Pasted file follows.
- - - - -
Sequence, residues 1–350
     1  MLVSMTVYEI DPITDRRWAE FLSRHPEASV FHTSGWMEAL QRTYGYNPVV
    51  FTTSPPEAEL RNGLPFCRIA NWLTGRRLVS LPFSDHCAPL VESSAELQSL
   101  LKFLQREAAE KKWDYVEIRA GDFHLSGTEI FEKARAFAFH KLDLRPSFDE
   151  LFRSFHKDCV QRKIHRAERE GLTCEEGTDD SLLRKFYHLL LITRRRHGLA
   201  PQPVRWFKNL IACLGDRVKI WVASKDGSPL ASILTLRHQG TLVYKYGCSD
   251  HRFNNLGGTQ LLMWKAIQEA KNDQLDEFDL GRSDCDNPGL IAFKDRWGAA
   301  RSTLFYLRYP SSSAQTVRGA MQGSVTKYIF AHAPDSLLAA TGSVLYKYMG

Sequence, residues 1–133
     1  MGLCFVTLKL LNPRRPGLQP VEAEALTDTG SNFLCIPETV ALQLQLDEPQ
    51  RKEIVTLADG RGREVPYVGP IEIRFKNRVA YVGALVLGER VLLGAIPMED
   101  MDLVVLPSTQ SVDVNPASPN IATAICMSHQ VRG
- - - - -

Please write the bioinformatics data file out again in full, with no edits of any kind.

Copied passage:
Sequence, residues 1–350
     1  MLVSMTVYEI DPITDRRWAE FLSRHPEASV FHTSGWMEAL QRTYGYNPVV
    51  FTTSPPEAEL RNGLPFCRIA NWLTGRRLVS LPFSDHCAPL VESSAELQSL
   101  LKFLQREAAE KKWDYVEIRA GDFHLSGTEI FEKARAFAFH KLDLRPSFDE
   151  LFRSFHKDCV QRKIHRAERE GLTCEEGTDD SLLRKFYHLL LITRRRHGLA
   201  PQPVRWFKNL IACLGDRVKI WVASKDGSPL ASILTLRHQG TLVYKYGCSD
   251  HRFNNLGGTQ LLMWKAIQEA KNDQLDEFDL GRSDCDNPGL IAFKDRWGAA
   301  RSTLFYLRYP SSSAQTVRGA MQGSVTKYIF AHAPDSLLAA TGSVLYKYMG

Sequence, residues 1–133
     1  MGLCFVTLKL LNPRRPGLQP VEAEALTDTG SNFLCIPETV ALQLQLDEPQ
    51  RKEIVTLADG RGREVPYVGP IEIRFKNRVA YVGALVLGER VLLGAIPMED
   101  MDLVVLPSTQ SVDVNPASPN IATAICMSHQ VRG